The Benefits of Data Centre Redundancy in Digital Age

We don’t like to say the ‘D’ word out loud, but power outages are the main cause for dreaded ‘downtime’ in data centres, usually caused by overheating or equipment failure. 

Wherever the outage originates from, the end result is always the same – data loss, damaged files, and destroyed equipment, meaning significant, sometimes catastrophic, losses of money and thousands of unhappy users.

Last summer, you may have noticed reports of data centres struggling during heatwaves and suffering painfully disruptive downtime. The Uptime Institute found that downtime was regularly costing data centres over £1 million. (https://dcnnmagazine.com/data-centres/data-centre-outages-crestchic-loadbanks/)

So, how can increasingly expensive and damaging downtime be prevented?

Data centres now build redundancy into their infrastructure, allowing critical systems to continue running in the event of an outage.

What is Data Centre Redundancy?

In short, data centre redundancy involves the duplication of critical components of a system in order to improve reliability. A bit like a back up. Data centre redundancy tends to focus on how much spare power can be used as a back up during a power outage.

How can data centres plan a sufficient amount of redundancy in the event of unforeseen power outages?

Large businesses keep their servers in Tier 3 and Tier 4 data centres, which offer high performance and uptime guarantees compared with Tiers 1 and 2. However, each tier offers differing levels of redundancy systems. Tier 3 usually offers N+1, while Tier 4 will provide 2N or 2N+1.

How Many N’s Do Data Centres Require?

In simple terms, N is the measurement of the amount of redundancy equipment needed to keep a data centre running.

N+1 is also called parallel redundancy and ensures that an uninterruptible power supply (UPS) system is always available. It’s like having one extra backup server for every ten so that in the event a primary element fails and requires removal for maintenance, an additional component starts running. N+1 backup solutions operate for a minimum of 72 hours in the event of local or region-wide outages. Yet it is not a complete fail-safe, as it runs on one common circuit, rather than its own separate feed.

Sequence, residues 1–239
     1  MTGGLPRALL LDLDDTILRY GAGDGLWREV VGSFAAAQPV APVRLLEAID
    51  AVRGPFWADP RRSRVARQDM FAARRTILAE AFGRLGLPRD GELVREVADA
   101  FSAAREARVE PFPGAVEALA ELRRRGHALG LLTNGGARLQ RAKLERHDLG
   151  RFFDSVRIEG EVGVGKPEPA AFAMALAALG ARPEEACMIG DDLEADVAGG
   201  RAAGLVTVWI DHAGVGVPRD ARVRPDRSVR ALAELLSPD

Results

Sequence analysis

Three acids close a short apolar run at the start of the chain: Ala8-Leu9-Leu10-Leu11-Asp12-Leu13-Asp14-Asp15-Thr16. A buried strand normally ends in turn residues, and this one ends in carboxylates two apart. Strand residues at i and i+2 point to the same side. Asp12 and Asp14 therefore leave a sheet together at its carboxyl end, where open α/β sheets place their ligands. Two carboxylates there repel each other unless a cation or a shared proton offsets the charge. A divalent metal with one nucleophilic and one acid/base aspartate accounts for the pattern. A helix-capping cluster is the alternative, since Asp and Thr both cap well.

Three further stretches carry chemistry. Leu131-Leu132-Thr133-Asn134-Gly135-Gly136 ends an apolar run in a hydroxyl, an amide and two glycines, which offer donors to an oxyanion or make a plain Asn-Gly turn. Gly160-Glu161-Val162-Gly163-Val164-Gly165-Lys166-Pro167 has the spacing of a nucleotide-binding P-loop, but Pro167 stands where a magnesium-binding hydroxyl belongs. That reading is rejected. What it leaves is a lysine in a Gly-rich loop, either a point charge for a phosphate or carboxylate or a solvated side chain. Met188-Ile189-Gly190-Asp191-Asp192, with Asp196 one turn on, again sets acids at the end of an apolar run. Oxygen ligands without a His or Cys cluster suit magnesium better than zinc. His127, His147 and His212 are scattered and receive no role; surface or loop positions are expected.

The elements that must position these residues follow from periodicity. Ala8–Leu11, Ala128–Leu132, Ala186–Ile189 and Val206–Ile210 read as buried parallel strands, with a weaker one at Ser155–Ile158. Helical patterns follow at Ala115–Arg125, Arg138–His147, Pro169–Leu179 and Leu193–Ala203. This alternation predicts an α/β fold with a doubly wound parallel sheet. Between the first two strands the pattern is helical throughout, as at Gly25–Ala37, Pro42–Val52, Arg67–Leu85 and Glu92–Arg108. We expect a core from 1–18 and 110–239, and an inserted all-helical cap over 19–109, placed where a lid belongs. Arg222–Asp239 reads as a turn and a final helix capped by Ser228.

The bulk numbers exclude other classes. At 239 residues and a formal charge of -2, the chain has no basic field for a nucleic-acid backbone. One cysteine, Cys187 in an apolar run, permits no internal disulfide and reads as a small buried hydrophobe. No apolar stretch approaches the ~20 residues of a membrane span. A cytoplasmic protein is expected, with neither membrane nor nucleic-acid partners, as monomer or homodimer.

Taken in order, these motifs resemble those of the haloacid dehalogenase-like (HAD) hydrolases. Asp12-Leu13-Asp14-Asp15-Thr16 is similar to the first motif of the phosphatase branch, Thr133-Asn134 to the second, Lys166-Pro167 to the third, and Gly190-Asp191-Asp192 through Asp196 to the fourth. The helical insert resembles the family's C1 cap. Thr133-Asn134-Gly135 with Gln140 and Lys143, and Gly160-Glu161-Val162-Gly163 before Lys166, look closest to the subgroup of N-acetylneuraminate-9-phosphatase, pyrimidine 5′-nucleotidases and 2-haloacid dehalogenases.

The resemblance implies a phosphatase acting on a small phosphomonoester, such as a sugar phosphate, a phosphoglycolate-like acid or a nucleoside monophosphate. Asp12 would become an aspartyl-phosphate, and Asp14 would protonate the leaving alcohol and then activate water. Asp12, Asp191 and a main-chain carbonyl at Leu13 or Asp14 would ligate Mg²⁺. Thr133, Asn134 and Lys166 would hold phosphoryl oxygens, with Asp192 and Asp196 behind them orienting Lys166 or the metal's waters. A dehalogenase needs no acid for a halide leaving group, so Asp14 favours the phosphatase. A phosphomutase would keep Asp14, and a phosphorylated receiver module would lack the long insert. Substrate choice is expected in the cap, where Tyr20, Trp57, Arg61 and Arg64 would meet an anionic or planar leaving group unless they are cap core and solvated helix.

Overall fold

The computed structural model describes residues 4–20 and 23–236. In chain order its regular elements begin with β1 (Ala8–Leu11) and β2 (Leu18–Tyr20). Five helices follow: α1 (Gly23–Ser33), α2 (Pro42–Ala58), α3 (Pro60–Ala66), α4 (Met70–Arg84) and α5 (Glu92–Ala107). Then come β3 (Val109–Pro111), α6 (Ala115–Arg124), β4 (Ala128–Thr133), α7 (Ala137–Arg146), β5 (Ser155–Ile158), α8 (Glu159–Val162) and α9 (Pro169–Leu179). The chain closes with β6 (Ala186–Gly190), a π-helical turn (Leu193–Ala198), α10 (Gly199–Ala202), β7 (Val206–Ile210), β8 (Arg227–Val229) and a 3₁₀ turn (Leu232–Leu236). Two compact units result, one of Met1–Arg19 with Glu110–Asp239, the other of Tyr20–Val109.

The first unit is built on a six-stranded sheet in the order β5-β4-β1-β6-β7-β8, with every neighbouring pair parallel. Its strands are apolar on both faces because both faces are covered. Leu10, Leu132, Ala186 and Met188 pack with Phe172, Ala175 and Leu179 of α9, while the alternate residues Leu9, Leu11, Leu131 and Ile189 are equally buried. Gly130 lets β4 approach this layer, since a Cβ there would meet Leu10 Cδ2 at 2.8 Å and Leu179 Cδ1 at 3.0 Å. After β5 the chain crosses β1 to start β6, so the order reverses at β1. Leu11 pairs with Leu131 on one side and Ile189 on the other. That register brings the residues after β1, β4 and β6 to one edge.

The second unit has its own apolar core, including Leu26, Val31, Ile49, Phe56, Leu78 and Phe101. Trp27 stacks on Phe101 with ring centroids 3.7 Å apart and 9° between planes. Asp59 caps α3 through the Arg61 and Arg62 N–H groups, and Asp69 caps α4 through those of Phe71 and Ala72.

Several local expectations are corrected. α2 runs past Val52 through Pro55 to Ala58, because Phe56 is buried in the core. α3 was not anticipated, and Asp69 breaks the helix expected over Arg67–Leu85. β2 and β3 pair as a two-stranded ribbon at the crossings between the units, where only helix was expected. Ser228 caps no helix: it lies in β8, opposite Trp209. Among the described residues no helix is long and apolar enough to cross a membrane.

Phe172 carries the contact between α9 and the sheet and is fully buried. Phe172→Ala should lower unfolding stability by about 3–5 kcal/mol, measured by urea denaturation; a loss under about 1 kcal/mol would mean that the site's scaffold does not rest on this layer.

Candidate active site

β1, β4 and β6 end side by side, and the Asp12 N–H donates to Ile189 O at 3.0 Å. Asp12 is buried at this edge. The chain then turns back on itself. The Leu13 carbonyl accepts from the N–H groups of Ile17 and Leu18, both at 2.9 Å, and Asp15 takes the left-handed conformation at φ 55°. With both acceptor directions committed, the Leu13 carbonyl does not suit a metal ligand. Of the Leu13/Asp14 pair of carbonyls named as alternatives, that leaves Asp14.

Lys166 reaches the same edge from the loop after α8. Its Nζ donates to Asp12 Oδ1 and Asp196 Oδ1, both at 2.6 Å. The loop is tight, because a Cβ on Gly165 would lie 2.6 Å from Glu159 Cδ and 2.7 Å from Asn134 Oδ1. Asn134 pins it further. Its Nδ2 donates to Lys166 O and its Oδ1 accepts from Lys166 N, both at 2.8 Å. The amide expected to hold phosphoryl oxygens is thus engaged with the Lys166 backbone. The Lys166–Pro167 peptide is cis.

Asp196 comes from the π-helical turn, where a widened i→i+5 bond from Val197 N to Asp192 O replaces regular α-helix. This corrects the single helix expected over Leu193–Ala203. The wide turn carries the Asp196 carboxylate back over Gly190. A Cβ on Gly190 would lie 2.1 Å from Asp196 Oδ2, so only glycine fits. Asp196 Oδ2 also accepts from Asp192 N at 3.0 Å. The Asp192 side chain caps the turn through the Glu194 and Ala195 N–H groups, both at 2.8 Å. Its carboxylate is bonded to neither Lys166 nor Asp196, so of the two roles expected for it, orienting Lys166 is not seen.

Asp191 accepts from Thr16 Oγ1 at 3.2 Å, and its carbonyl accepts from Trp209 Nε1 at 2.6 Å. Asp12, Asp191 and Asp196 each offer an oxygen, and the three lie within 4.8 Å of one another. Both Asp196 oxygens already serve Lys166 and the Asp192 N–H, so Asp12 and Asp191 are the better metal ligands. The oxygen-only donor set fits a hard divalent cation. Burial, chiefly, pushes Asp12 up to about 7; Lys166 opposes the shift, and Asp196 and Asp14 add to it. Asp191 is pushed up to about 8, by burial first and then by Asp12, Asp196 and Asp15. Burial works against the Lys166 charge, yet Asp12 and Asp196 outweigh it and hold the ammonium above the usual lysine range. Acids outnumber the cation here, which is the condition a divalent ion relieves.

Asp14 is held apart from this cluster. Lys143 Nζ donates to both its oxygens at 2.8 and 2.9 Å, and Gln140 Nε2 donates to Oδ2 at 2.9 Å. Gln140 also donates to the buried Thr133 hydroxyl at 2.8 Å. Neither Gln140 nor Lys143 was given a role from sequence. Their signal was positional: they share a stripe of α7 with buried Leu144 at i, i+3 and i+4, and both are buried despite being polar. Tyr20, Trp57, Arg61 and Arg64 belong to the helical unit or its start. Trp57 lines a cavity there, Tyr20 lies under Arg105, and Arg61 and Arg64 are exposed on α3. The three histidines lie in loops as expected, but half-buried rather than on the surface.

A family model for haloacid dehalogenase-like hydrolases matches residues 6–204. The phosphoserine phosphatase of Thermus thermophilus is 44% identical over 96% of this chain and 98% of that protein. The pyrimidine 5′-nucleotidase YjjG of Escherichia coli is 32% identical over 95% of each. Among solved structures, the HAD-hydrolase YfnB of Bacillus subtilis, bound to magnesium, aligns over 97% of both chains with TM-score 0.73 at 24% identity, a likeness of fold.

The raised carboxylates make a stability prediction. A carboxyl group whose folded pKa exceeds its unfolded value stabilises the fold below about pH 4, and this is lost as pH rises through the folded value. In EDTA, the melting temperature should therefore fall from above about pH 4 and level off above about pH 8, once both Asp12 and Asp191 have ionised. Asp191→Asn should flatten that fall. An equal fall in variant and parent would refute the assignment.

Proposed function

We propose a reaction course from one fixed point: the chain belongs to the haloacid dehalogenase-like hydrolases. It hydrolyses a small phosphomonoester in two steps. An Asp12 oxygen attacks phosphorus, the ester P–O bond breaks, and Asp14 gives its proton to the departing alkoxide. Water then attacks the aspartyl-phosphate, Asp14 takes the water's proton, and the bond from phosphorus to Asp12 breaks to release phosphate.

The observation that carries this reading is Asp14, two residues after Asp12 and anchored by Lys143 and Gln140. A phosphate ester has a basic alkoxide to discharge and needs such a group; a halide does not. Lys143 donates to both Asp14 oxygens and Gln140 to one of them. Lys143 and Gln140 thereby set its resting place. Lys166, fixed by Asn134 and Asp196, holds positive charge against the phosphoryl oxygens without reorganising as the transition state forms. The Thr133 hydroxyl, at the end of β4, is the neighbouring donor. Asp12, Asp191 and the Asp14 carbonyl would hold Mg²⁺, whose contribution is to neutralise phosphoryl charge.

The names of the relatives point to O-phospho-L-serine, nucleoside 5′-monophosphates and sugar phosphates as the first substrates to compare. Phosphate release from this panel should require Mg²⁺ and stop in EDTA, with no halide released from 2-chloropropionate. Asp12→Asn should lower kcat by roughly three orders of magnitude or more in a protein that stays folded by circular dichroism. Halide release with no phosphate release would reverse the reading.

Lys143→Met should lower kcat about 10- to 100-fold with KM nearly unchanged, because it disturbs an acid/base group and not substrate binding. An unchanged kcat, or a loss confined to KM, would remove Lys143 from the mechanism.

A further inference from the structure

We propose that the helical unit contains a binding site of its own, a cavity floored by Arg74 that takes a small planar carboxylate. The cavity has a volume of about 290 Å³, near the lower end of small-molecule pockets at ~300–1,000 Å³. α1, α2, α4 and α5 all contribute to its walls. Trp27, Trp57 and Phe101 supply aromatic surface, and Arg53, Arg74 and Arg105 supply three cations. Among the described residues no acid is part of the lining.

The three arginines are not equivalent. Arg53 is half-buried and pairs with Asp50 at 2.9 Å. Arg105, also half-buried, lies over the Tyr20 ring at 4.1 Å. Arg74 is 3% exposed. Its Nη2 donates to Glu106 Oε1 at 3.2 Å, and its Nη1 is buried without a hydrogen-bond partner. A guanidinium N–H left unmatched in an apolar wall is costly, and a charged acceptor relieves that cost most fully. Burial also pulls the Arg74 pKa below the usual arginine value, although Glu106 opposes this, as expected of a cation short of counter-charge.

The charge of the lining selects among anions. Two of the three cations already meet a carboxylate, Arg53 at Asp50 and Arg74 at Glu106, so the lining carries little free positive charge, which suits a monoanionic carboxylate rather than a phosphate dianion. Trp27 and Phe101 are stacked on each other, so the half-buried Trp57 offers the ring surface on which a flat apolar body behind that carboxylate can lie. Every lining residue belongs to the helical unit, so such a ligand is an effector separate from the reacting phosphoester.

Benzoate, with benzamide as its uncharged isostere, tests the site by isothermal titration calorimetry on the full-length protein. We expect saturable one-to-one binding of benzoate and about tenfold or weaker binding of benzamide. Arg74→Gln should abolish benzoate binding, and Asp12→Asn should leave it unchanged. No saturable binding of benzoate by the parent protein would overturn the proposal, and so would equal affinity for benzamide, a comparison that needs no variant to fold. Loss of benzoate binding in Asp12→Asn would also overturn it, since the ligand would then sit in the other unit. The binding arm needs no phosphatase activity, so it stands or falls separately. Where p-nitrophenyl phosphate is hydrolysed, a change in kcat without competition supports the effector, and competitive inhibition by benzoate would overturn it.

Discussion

How about 2N? Also known as N+N, this offers a fully redundant, wholly mirrored system with two independent systems so that in the event a primary component fails, an identical standby replica can stand in to continue operations.

And to really cover all bases, 2N+1 offers double cover plus one extra piece of equipment, so in the event of an extended outage, there is an extra backup component to cover a failure when the secondary system is running.

Is Data Centre Redundancy the Only Solution?

Having a redundancy system in place is crucial for data centres, but there are other ways to prevent outages.

As we mentioned earlier, outages can be triggered by warmer weather. Many data centres look into alternative cooling methods, whether that be air cooling, liquid cooling or even migrating to cooler countries.